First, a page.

Written by a consultant to the United Nation's newly established Cambodia Genocide Tribunal, "Tainted Provenance" examines one of the most important legal questions that will face the Tribunal as it begins its trials next year -- whether evidence of the Khmer Rouge command structure that came from interrogation sessions at the infamous Tuol Sleng torture facility should be considered notwithstanding the international exclusionary rule for evidence procured by torture. The issue of whether there should be exceptions to the torture evidence exclusionary rule (and how those exceptions should be crafted to avoid abuse) has significant implications beyond the international tribunal, in particular with respect to the admissibility of statements obtained by torture in cases before military commissions and federal courts in the United States and across the globe. The article analyzes and critiques three possible exceptions to the torture evidence exclusionary rule: (1) that the exclusionary rule should not apply to evidence resulting from preliminary questioning before the application of actual; (2) that the exclusionary rule should not apply to evidence obtained by third-party authorities; and (3) that the exclusionary rule should not apply to evidence used against the leaders of the regime who were ultimately responsible for the acts of torture. To avoid pernicious use of these exceptions and to ensure that they are not applied in a manner that will undermine the purposes of the Torture Convention in future cases, the author proposes and discusses four criteria that should be satisfied before a court can consider evidence that was obtained by torture or cruel, inhuman or degrading methods of interrogation: (1) evidence obtained by torture or cruel, inhuman and degrading means must never be used in a trial where the victim of such abuse is the defendant; (2) such evidence must never be used where the prosecuting authorities were directly or indirectly involved in the acts of ill-treatment; (3) evidence obtained through the use of such ill-treatment must not be considered unless it meets a high level of corroboration; and (4) evidence derived from torture or cruel, inhuman or degrading treatment should not be admitted if, with reasonable efforts, the prosecution could obtain non-tainted evidence that would be effective in establishing criminal liability. Finally, drawing by analogy from the debate concerning citations to unethically obtained medical data, the author suggests that if a tribunal or court were to admit evidence in a case that meets these criteria, it should specifically acknowledge that the evidence was obtained through torture or cruel, inhuman or degrading treatment, and would ordinarily have been excluded because of concerns about reliability, deterrence, and defiling the administration of justice.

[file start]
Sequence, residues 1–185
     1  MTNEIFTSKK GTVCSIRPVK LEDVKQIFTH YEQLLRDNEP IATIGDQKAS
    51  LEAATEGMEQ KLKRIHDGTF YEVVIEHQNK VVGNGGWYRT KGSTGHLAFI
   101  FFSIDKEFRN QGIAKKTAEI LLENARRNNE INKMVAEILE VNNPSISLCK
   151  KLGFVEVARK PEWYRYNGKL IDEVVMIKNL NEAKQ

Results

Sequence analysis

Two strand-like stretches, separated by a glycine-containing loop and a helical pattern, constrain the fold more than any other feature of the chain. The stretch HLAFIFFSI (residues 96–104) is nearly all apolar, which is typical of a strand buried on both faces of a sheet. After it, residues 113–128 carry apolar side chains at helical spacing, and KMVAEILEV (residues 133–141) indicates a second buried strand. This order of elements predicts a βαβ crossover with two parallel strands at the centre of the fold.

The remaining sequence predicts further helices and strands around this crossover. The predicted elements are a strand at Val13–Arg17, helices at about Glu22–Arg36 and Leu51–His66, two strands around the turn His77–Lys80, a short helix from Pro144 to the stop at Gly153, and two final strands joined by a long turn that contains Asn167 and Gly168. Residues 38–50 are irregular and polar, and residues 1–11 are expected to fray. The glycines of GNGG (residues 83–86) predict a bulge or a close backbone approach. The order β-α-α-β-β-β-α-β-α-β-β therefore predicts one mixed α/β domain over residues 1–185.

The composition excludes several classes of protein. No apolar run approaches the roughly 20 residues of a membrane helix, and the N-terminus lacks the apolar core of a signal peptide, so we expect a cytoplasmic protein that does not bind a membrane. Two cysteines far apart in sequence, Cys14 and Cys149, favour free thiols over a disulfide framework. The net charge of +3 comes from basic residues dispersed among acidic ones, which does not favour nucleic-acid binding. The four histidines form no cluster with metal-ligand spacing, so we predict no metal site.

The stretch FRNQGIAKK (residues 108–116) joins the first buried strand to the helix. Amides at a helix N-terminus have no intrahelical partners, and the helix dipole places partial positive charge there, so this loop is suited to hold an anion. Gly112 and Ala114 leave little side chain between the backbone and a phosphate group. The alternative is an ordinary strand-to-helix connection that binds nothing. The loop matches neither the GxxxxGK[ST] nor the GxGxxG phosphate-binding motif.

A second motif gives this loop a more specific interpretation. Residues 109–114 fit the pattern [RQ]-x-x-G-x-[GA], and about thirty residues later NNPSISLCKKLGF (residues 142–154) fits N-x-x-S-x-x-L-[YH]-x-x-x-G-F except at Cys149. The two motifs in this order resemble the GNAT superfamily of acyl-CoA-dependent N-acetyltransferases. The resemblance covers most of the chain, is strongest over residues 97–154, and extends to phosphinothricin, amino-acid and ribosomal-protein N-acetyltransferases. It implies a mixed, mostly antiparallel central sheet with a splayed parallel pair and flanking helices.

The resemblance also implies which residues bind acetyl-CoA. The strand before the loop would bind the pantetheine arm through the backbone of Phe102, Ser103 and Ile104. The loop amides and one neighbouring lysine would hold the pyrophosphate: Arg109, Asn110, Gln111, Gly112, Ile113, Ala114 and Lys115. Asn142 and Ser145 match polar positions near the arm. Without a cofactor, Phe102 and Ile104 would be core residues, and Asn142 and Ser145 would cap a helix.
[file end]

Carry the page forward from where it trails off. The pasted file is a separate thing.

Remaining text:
torture, exclusionary rule, Cambodia Tribunal, Extraordinary Chambers in the Courts of Cambodia, Khmer Rouge, Tuol Sleng, Miranda exception, Nazi Medical Experiments, silver platter doctrine, jus cogens, Military Commissions, doctrine of necessity, Yugoslavia Tribunal, Rwanda Tribunal
Place of Original Publication
Washington and Lee Law Review
65 Washington and Lee Law Review 129 (2008)
Scharf, Michael P., "Tainted Provenance: When, if Ever, Should Torture Evidence Be Admissible" (2008). Faculty Publications. 111.